spaceSpace and Physics

Scientists Are Creating Lasers So Powerful They Could Turn Light Into Matter


Dr. Alfredo Carpineti

Senior Staff Writer & Space Correspondent

clockJan 29 2018, 17:12 UTC


For over 11 decades we have known that matter and energy are interchangeable. The development of nuclear power has shown us that matter can be converted into energy, but converting energy into matter has so far proven a lot more difficult.

The battlefield for such an achievement is at the end of the most powerful lasers ever envisioned, currently being planned and built in a number of different countries. Three projects top the “one to watch list” of the laser world, prepared by the journal Science. They are China’s Station of Extreme Light (SEL), Russia’s Exawatt Center for Extreme Light Studies (XCELS), and the Department of Energy’s Optical Parametric Amplifier Line (OPAL).


These three lasers are planned to completely annihilate the current record for laser power, which is 5.3 million billion watts or 5.3 petawatts (PW) and obtained by Ruxin Li and colleagues at the Shanghai Superintense Ultrafast Laser Facility (SULF). Li is also behind SEL and hopes that by 2023 his team could reach the goal of a 100-PW laser.

The Russian instrument is still in the design phase of development but is more daring in its target. The researchers hope it will achieve 180 PW. Both SEL and XCELS are expected to work on the same principle. They shoot a series of pulses (four 30-PW pulses for SEL and a dozen 15-PW pulses for XCELS) and combine them into a single extra-powerful one.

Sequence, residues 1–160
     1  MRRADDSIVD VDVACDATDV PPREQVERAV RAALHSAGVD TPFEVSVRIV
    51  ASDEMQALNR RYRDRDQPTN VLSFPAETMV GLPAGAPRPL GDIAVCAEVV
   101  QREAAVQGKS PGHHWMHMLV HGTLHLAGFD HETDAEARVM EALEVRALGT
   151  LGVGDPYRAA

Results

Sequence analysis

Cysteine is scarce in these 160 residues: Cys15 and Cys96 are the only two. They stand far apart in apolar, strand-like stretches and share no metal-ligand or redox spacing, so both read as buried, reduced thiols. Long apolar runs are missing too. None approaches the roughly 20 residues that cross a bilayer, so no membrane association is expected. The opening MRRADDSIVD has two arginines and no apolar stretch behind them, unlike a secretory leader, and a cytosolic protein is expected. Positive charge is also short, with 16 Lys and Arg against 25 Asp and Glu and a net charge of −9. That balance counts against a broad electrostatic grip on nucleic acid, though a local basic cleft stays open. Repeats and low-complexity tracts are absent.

Science Mag reports that this approach requires extreme precision and even the smallest vibration or temperature variation can compromise the achievements of such a powerful laser pulse. For this reason, OPAL is going a different way. It is envisioned to reach 75 PW with a single pulse.


There are other facilities working on “more modest” equipment that will aim to deliver 30-PW machines and SULF itself hopes to break the 10-PW record this year. High-energy is required but it is not the only necessity to “break the vacuum” and turn photons into electrons and positrons, their antimatter counterparts.

The way that SEL is expected to do this is very interesting. The laser will hit a helium target and liberate electrons. Some of the photons from the beam will ricochet off the electrons and then collide with other photons, creating particle-antiparticle pairs.

If SEL can truly break the vacuum, it could change the way we approach particle physics. Traditional particle accelerators might be swapped for faster and cheaper laser-powered ones.


[H/T: Science Mag]

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